Written by Stuart Hall
Jasmine Flood is a firm believer in the ways that timing can alter a life’s trajectory.
If, for instance, Flood had not been a sophomore sitting in her Greenville high school chemistry class when a representative from NC State’s Wilson College of Textiles spoke about the Summer Textile Exploration Program (STEP) that she later attended, she might not have been so positively influenced.
“I went into STEP, and I fell in love [with NC State],” she said. “Literally, that was it.”
A few years later, if the company that created a position for Flood, who graduated with a degree in Textile Technology from NC State in 2012, had offered her the job a week or so sooner, she might not have decided to start her own company, Riada Adair.
Or if Flood, some 18 months after starting her own venture, had not received a fortuitous phone call that kept her from shuttering her start-up, she might be part of the corporate workforce today.
But the dominoes dropped in just the right way for Flood, 28, of Raleigh. Today, she is a successful entrepreneur, owner of a multi-faceted company that designs and creates stationery, lettering, men’s and women’s accessories, and public art.
“Quite honestly, it felt like a now or never moment,” said Flood of her career choice. “Sometimes you feel so strongly called to do something that you can’t say no, and that was one of those moments. There was a lot I was giving up. They were all top-name companies that [offered jobs and] if I had gone that route, I don’t doubt I would have been successful, but I don’t think I would be as fulfilled as I am now.”
There was a point, though, when Flood was at a professional crossroads. She was living with her parents in Greenville, struggling to make her start-up sustainable and on the verge of dissolving her business.
Just weeks before making a career shift, Flood received a call from Birchbox, a monthly apparel and cosmetic box subscription service that wanted to make her wooden tie bars a part of its men’s offering. That led to a product appearance on Good Morning America and later a partnership with Zulily.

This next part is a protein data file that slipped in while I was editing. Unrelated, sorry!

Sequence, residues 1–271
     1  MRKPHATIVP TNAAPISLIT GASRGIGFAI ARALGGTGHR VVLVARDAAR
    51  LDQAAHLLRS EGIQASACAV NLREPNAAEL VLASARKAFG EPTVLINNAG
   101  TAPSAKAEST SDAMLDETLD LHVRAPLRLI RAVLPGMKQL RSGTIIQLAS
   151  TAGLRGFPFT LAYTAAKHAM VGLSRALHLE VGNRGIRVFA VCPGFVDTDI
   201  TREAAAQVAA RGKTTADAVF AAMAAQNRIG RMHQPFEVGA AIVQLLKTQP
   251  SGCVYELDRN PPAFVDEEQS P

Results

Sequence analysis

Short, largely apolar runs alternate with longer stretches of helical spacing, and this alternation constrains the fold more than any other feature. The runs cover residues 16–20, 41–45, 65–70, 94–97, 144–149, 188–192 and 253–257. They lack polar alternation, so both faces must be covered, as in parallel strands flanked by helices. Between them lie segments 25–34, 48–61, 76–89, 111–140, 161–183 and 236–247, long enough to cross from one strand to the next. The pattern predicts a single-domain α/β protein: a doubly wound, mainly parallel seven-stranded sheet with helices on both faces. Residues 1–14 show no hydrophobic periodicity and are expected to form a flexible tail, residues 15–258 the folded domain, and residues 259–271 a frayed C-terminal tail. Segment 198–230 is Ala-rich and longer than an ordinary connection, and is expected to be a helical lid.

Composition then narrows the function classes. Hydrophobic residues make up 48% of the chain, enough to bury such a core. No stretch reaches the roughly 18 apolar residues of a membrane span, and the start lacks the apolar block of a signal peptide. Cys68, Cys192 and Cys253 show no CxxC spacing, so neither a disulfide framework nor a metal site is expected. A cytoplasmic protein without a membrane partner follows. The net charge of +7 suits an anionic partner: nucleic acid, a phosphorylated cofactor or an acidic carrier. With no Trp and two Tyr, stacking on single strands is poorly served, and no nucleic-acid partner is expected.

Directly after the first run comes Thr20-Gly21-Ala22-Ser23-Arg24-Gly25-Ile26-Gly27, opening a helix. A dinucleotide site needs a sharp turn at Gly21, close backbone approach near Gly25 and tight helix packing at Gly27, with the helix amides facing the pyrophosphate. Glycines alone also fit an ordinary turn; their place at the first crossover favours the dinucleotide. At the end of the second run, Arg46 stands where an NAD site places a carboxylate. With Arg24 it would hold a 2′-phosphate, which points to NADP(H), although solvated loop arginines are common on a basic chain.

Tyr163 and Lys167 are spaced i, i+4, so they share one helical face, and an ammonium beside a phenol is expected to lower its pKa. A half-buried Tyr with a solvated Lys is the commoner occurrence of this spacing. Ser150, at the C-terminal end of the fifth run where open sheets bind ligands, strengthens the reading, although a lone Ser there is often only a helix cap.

Nancy Powell, emeritus professor, Wilson College of Textiles, served as Flood’s academic and design adviser, and is not surprised by Flood’s professional ascension.
“Her design work was always inspired not only by her experience and research, but also by her understanding of marketability with a keen sense of who her customer might be,” said Powell. “Her combined abilities in graphics, textile design and merchandising were unusual and she was aware of how each of those skills would be utilized in her career.”
Flood appears to come by entrepreneurship naturally. She grew up with an interest in art and design, making and selling her own jewelry while in middle school. Her father Merrill, a former assistant city manager for the city of Greenville, and mother Pansie, a former language arts teacher, also owned their own gift shop.
Flood received Park and Centennial scholarships to attend NC State and, as a student, her design talents shone in winning the 2011 Young Menswear Association and 2012 Cotton Inc. Tables for Two Design and Geoffrey Beene National Fashion competitions.
“The leadership and the connections gained from the scholarships helped shape who I am,” she said, adding that she grew to understand the responsibilities that come with such honors and awards. “To whom much is given, much is required.”
Flood’s most profound impact professionally, though, may be the Wall of Hope that she created for one of the main corridors at Vidant Medical Center in her native Greenville. The four-panel glass design, which features hundreds of intricately designed butterflies fluttering from a tree, serves as a memorial for organ donors and their families.
“It allowed me my first opportunity to combine design with a way to help others in a health-care component, so helping others in a different way,” Flood said.
Today, Flood employs interns from NC State and is a member of the Wilson College of Textiles Dean’s Young Alumni Leadership Council, which aids in alumni engagement and fundraising.
For all of the accolades and plaudits, Flood remains grounded by simple professional principles.
“’Finish what you start’ is huge,” she said. “’Patience is a virtue,’ because it is. And ‘Do it well or not at all.’”